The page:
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The vector potential $A$ is perpendicular to $B = \nabla \times A$, by definition, and hence, in a plane wave, it is either in the direction of $E$ or the direction of propagation. I suspect it is in the direction of propagation.

What is its direction?

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While for vectors $\vec{B}$ and $\vec{C}$, the cross product $\vec{B}\times\vec{C}$ is indeed perpendicular to both of the vectors, it is simply not the case that the curl of a vector field is orthogonal to the vector field. Do not read too much into the cross product notation.

In particular, you can add any constant vector field to $\vec{A}$ without changing the fields. So we can make it be nonorthogonal by adding a constant of our choice. When someone tells you a vector potential points in a particular direction they are simply making a gauge choice, and a different choice of gauge can result in the vector potential pointing in a different direction.

This means your question simply isn't well defined. We can find the direction of the electric field by seeing the force per unit charge of stationary charges, and we can find the magnetic field by finding the force on moving charges that move in three linearly independent directions. But there is no classical experiment to find the direction the vector potential points, so it isn't a scientific question.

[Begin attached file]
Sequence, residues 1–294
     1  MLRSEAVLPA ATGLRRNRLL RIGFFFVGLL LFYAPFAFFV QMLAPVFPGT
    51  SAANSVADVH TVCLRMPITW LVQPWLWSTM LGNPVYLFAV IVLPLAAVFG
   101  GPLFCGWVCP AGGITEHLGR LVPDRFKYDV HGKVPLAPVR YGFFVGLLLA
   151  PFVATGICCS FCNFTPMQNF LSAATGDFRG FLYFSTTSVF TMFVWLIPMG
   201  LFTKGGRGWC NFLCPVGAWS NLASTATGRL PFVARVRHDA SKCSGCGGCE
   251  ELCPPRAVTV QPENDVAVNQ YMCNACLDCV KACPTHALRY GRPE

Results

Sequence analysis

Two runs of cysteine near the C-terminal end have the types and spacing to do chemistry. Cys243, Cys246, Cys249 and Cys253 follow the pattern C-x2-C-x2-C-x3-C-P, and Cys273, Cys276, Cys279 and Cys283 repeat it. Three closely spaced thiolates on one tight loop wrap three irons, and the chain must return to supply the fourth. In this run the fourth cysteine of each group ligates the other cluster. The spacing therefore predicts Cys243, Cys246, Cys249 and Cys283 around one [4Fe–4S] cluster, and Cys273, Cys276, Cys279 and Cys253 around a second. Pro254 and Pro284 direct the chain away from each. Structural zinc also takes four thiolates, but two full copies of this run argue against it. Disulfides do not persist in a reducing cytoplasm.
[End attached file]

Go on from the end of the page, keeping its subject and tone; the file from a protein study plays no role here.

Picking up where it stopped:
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The vector potential is transverse to the direction of motion. To see this, perform a gauge transformation into the Coulomb gauge, such that $\nabla\cdot\mathbf{A}=0$. Using a plane wave solution $\mathbf{A}_0\cos(\mathbf{k}\cdot\mathbf{r}-\omega t)$ we then find $\mathbf{k}\cdot\mathbf{A}_0=0$, i.e. the potential is perpendicular to the direction of motion.

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  • $\begingroup$ In specifying that plane wave solution, aren't you choosing $\mathbf{A}$ to be perpendicular to $\mathbf{k}$? $\endgroup$ – Luke Burns Apr 1 '15 at 1:19
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    $\begingroup$ @LukeBurns Even if you select the plane wave solution for the electric and magnetic fields, there are still an infinite number of choices about the direction in which the vector potential can point. $\endgroup$ – Timaeus Apr 1 '15 at 1:22
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In general,

$$\mathbf E = -(\nabla \phi + \frac{\partial \mathbf A}{\partial t})$$

For the source free case, and in the transverse gauge with appropriate boundary conditions on $\phi$,

$$\mathbf E = -\frac{\partial \mathbf A}{\partial t}$$

Which can be checked by taking the curl of both sides

$$\nabla \times \mathbf E = -\nabla \times \frac{\partial \mathbf A}{\partial t} = -\frac{\partial}{\partial t}(\nabla \times \mathbf A) = -\frac{\partial \mathbf B}{\partial t} $$

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Magnetic vector potential is directed perpendicular to B. If B is along x axis it can have equal probabillity to be in any one of y or z direction. So there is no definite direction of A.

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  • $\begingroup$ Can you please add a few more details? Answers are usually expected to be a bit longer. Also consider using more precise language and avoiding typos. $\endgroup$ – user191954 Jul 12 '18 at 11:06
  • $\begingroup$ The vector potential isn't perpendicular to the magnetic field in general. $\endgroup$ – Chris Jul 12 '18 at 12:27

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